Much ado has been made over the laying off of railroad employes by the eastern systems. This action, however, should not be interpreted strictly as reflecting general business in the United States. It simply means that the eastern roads are endeavoring to increase their net earnings. Similar curtailment of expenditures has been prac

tised before and is a commendable measure when conditions warrant. The fact is there has been a very small decline in gross earnings and it is the gross returns which most accurately indicate the trend of general trade. Gross earnings of all railroads in the United States, as compiled by one of the leading mercantile agencies, show a falling off of only 4 per cent. for the first two weeks of March as compared with the corresponding period of last year. The constantly increasing consumptive demand and enormous buying power of the people constitute a great backlog for business and, with brightening skies, milder temperatures and a good crop, give early promise of decided improvement in trade.

Being a Chapter of Comment and Story, Sometimes Reminiscent, Concerning Men and Events in the Furniture Industry, Here, There, and Everywhere


GRAND RAPIDS manufacturer relates in sup


port of the all too common belief that a very large number of the foremen finishers in the local factories, as elsewhere, are susceptible to influence when it comes to buying finishing-room supplies, this tale: "We had been anxious to introduce a varnish which was condemned by our foreman finisher. Every time an order was placed for the make of the manufacturer who had satisfied us that he had the goods which were right, our foreman reported that it was all wrong, and could not be used with satisfactory result. At this stage we resorted to strategy. Five of the empty barrels in which the material approved by the foreman had come, were shipped to the other maker, and came back in due time filled with the varnish from the factory with which we sought to trade. The goods went into consumption, were highly praised by our foreman finisher and were very much all right. Needless to say we have parted company with that particular foreman, and we have no definite knowledge when the fact dawned on him that the varnish which came in the old barrels was not varnish from the manufacturer who had presumably been rewarding him for his influence in determining what varnish we should use."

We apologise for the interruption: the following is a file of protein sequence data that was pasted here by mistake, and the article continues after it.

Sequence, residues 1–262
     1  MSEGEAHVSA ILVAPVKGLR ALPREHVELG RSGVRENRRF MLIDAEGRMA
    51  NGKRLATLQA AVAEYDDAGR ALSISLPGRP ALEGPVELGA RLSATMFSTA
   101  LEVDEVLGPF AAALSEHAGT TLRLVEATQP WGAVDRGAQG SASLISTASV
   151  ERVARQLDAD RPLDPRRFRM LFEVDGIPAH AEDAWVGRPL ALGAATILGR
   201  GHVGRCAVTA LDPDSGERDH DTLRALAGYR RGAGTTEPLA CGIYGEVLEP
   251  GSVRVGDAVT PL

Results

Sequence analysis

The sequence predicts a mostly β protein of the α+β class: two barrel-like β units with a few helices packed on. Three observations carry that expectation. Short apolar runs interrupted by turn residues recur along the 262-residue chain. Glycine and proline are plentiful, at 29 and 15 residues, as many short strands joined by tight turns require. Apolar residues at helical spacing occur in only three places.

In this connection it may be stated that there are foremen finishers who at this very moment are standing upon the brink of a precipice because the number of employers is constantly being added to who have determined that no one in their institution can serve successfully at the same time two masters.

Menominee, which is in Michigan, has a mayor who is likely to be heard from during his term of office. He is not unfamiliar with municipal government and he has been intimately connected with the bedding branch of the furniture business for a good many years. The man is Marshall B. Lloyd, who has just assumed the office to which he was elected at the recent election. Mr. Lloyd is an inventor. He invented, fully twenty years ago, the machine for weaving woven wire mattress fabrics, which was very generally used by the manufacturers of this article. These machines were leased on a royalty basis and at one time Mr. Lloyd was receiving royalties of more than $12,000 annually, or had anticipated these royalties by a sale of the machines to even so large a producer as the Simmons Manufacturing Co., of Kenosha. At this period Mr. Lloyd lived in Minneapolis, where he was a member of the city council, and where he served the city with distinction. It is only a few months ago that there was printed in these pages an account of a process invented by Mr. Lloyd for drawing tubing, which it was prophesied would revolutionize metal bed making. This process, it was recorded, had been invented and was being promoted in Detroit. While Mr. Lloyd was still a resident of Minneapolis, he established a manufacturing industry and began to make a line of toy carts, gocarts and metal things of that sort. One or two propositions were advanced in Minneapolis for capitalizing this industry and materially enlarging it, but these were not successfully worked and Menominee, which had always been a lumbering town, began to cast about for